Apple (AAPL) is as famous among investors as Amazon and also has a loyal following among the technology-loving crowd. It probably has among the best known U.S. corporate names and brands worldwide -- although it might as well be named after its No. 1 product, the iPhone, which accounted for 62 percent of total revenues in fiscal 2017, ended Sept. 30. Its revenue growth over the years has also been phenomenal, rising from $37.4 billion in 2008 to $229.2 billion in fiscal 2017.
CFRA equity analyst Angelo Zino projects Apple's revenues will rise 18 percent in fiscal 2018, and he anticipates iPhone sales to continue climbing as consumers upgrade older devices at with newer ones at higher average selling prices. "We think the iPhone X will appeal to consumers given features," including facial recognition, Zino said.
Apple's stock is another wonder, blasting off from a low of $11.17 a share in 2009 and rocketing to $176 now. Zino has a price target of $195, based on a price-earnings ratio of 16 times his fiscal 2019 EPS earnings estimate of about 13.9 times excluding net cash -- above its hardware peers but below the S&P 500 technology sector.
CVS Health (CVS), the nation's largest pharmacy health care provider, recently acquired for $77 billion Aetna (AET), the third-largest health insurer in the U.S., which analysts said made "strategic sense" because it provides CVS with a greater ability to encourage Aetna's 22 million health plan participants to use CVS unit Caremark's mail-order system or CVS' nearly 9,700 retail stores in 49 states. Analysts expect total sales to expand nearly 5 percent in 2018, to $183.6 billion from an estimated $177 billion in 2017.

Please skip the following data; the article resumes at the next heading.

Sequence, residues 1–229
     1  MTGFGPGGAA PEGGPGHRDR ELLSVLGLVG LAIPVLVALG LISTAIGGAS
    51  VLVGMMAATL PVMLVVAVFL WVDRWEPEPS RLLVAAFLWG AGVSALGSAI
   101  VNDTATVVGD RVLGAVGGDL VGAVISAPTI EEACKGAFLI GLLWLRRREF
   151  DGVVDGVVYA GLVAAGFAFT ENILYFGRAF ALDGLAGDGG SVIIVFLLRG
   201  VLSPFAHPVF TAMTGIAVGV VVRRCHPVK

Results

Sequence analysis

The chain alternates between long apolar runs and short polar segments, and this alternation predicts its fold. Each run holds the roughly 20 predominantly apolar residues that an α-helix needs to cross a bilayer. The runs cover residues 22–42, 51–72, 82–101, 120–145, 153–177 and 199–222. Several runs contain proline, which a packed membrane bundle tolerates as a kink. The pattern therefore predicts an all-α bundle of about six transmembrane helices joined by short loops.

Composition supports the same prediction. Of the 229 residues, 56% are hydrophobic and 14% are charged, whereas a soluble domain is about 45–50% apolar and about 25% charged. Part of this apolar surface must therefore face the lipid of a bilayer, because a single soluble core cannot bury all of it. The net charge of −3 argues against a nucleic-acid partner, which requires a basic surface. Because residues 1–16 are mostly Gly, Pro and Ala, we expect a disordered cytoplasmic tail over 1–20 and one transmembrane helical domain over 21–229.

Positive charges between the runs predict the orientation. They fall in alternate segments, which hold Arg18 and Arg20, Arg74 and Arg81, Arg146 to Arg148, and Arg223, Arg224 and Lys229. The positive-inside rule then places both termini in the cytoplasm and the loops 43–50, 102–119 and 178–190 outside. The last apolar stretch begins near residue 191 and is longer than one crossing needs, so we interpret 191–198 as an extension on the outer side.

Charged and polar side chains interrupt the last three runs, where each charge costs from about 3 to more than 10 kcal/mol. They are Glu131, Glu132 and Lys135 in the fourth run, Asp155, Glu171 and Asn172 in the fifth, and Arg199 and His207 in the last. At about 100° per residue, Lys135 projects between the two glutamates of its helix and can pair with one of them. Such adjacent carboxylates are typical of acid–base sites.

Currently trading at $78 a share, analysts have an average price target of $90 for 2018. Investment firm Raymond James recently upgraded CVS stock to a "strong buy" from "outperform." The deal to acquire Aetna eliminates the risk for CVS losing Aetna's business, which represent about 12 percent of CS's revenues.
Walt Disney (DIS) is definitely a well-known brand name in practically every household in America. It's a media and entertainment conglomerate with diversified operations globally, including theme parks, films, TV broadcasting and varied consumer products. As part of its continuing expansion, Disney purchased in December for $52.4 billion major entertainment assets of Twenty-First Century Fox (FOXA). Analysts described it as a "transformative" deal for Disney that should significantly boost its international exposure.
"After dipping 1 percent in fiscal 2017, consolidated revenues are projected to rise about 6 percent in fiscal 2018, partly on continued strong growth in cable network affiliate fees (including ESPN and Disney Channel) and continued gains at the worldwide theme parks (with rising international contributions from the Shanghai park)," noted CFRA's Amobi. He has a "strong buy" recommendation on Disney, with a price target of $130 a share.
Disney's stock has been relatively strong considering the company's various investments for further expansion, including the recent purchase of Fox assets. The stock has climbed from $90 a share in mid-2017 to $116 by year-end. It's currently at $111, but analysts see it climbing this year to a new high of $130 a share.
Analysts expect Disney's earnings to rise to $6.25 a share this year, up from last year's $5.69. "We see continued multiplatform benefits from a robust pipeline of homegrown and acquired franchises, with continued financial flexibility on further deleveraging initiatives," said Amobi.
Facebook (FB) has grown globally at a speed very few expected, even in the world of technology, and it has transformed social media. So it isn't surprising that its stock has been one super-performer in the short span of its existence. It sprang from $45 a share in 2012 to $133.50 at the end of 2017. Currently trading at $178, Street analysts' price projections go as high as $225 a share -- and rising. Almost every month, one or two analysts upgrade their recommendations to even higher price goals.